I'm developing a website which contains, by its nature, very large images. When testing on an iPad, I'm noticing that any image on the page larger than 2MB is not showing up, just showing the dreaded blue '?' instead. The only reason I can think of is that there is some sort of built-in resource size limit.

I've tried Googling, but there doesn't appear to be any published limit, and the only reports I've found mention 6.5MB... but I'm way below that.

Does anyone have any concrete sources that indicate if this limit exists, and what it may be?

  • To anyone else who is searching for this info: File size does not matter - because in memory, the image must be decompressed - any limits are based on pixel dimensions (width x height in pixels). "6 MP" (megapixels) is different than "6 MB" (megabytes). Commented Mar 2, 2017 at 0:24

1 Answer 1


This official article what you are looking for. As expected there is no file size limit, the answer is more complex and depends on the device memory and image compression algorithm used:

  • The maximum size for decoded GIF, PNG, and TIFF images is 3 megapixels for devices with less than 256 MB RAM and 5 megapixels for devices with greater or equal than 256 MB RAM. That is, ensure that width * height ≤ 3 * 1024 * 1024 for devices with less than 256 MB RAM. Note that the decoded size is far larger than the encoded size of an image.

  • The maximum decoded image size for JPEG is 32 megapixels using subsampling. JPEG images can be up to 32 megapixels due to subsampling, which allows JPEG images to decode to a size that has one sixteenth the number of pixels. JPEG images larger than 2 megapixels are subsampled—that is, decoded to a reduced size. JPEG subsampling allows the user to view images from the latest digital cameras.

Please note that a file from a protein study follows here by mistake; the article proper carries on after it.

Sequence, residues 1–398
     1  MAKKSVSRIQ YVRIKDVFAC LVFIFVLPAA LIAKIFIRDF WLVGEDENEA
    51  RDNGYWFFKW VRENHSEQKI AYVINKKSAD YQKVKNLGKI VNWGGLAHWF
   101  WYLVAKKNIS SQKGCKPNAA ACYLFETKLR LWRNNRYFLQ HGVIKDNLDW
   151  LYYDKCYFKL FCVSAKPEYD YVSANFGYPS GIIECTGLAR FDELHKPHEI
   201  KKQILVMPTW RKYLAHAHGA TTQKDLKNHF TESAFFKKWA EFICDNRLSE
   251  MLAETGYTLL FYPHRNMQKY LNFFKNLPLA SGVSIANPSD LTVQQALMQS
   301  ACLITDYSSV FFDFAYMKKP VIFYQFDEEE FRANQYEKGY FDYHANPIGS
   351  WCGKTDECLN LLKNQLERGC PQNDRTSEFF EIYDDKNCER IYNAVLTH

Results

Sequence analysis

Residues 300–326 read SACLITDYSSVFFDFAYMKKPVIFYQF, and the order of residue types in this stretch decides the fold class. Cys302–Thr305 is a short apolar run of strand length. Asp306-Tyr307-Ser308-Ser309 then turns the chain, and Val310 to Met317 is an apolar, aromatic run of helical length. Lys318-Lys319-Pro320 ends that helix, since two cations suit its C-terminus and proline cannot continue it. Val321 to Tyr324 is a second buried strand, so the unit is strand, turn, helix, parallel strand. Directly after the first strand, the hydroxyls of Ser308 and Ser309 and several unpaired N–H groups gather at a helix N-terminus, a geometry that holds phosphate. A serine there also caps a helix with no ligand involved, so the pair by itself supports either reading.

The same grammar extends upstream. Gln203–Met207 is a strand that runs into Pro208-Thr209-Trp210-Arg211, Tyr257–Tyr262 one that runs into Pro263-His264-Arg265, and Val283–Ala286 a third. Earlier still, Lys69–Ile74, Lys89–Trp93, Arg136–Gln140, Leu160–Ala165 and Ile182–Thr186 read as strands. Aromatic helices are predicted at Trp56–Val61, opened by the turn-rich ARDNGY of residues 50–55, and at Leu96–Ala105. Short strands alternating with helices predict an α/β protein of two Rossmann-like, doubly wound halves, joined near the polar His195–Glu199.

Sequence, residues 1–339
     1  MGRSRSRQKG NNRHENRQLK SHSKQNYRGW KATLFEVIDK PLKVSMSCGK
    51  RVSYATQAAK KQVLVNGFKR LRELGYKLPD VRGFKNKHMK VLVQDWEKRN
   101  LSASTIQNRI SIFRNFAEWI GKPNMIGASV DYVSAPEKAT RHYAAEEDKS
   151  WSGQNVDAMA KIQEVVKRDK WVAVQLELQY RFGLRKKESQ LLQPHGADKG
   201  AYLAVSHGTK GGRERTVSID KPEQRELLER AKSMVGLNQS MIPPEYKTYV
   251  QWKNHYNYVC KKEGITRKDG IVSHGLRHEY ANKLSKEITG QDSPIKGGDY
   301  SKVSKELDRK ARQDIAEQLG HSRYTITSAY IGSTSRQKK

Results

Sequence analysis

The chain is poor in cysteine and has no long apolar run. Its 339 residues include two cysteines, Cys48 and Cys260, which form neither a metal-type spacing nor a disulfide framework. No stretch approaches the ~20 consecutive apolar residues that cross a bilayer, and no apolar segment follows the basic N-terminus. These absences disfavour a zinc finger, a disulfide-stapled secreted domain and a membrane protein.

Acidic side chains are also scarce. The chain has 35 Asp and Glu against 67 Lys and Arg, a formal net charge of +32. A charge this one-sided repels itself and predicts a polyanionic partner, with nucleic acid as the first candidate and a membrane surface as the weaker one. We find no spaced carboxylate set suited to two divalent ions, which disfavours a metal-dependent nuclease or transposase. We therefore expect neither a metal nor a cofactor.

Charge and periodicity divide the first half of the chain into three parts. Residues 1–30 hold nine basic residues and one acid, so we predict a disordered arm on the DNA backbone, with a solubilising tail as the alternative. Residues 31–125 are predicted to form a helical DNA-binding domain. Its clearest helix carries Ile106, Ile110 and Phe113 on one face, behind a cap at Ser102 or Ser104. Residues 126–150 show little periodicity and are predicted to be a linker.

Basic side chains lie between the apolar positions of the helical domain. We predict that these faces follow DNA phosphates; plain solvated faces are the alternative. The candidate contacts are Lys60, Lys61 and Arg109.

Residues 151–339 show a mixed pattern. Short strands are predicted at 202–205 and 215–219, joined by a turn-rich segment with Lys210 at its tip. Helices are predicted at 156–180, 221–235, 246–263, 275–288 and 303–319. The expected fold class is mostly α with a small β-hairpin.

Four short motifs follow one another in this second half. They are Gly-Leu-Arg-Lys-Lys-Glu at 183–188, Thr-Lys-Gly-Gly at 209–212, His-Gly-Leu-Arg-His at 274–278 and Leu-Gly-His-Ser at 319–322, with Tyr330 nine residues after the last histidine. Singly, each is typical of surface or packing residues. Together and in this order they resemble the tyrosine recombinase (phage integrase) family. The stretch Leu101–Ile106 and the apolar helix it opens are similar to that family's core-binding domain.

• The maximum size for a canvas element is 3 megapixels for devices with less than 256 MB RAM and 5 megapixels for devices with greater or equal than 256 MB RAM.

  • Wow, you fully deserve a necromancer badge for this answer, my question is nearly a year old :) Thanks a lot! Commented Mar 25, 2012 at 20:47
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    This is now incorrect even for old iPhone4 in simulator, and old iPad Air, and probably others. Try it - even a huge 5760x3600 pixel (20megapx) png background shows up on iOS.
    – NoBugs
    Commented Jun 27, 2016 at 22:35
  • @NoBugs - which demonstrates you should not trust results from emulator, and test on actual devices - especially if need to support older devices. But yes, newer devices, iPhone 6 and 7, handle larger images - 16 Megapixel was mentioned in one comment elsewhere - and so does the emulator now. Would be interesting to know if iPhone 6 can handle that 20 MP background. Commented Mar 2, 2017 at 0:19
  • @ToolmakerSteve I think I had tested large images a testing ipad that was >3yr old too... have you actually tested on an iPhone and found an image size it would not show?
    – NoBugs
    Commented Mar 2, 2017 at 2:02

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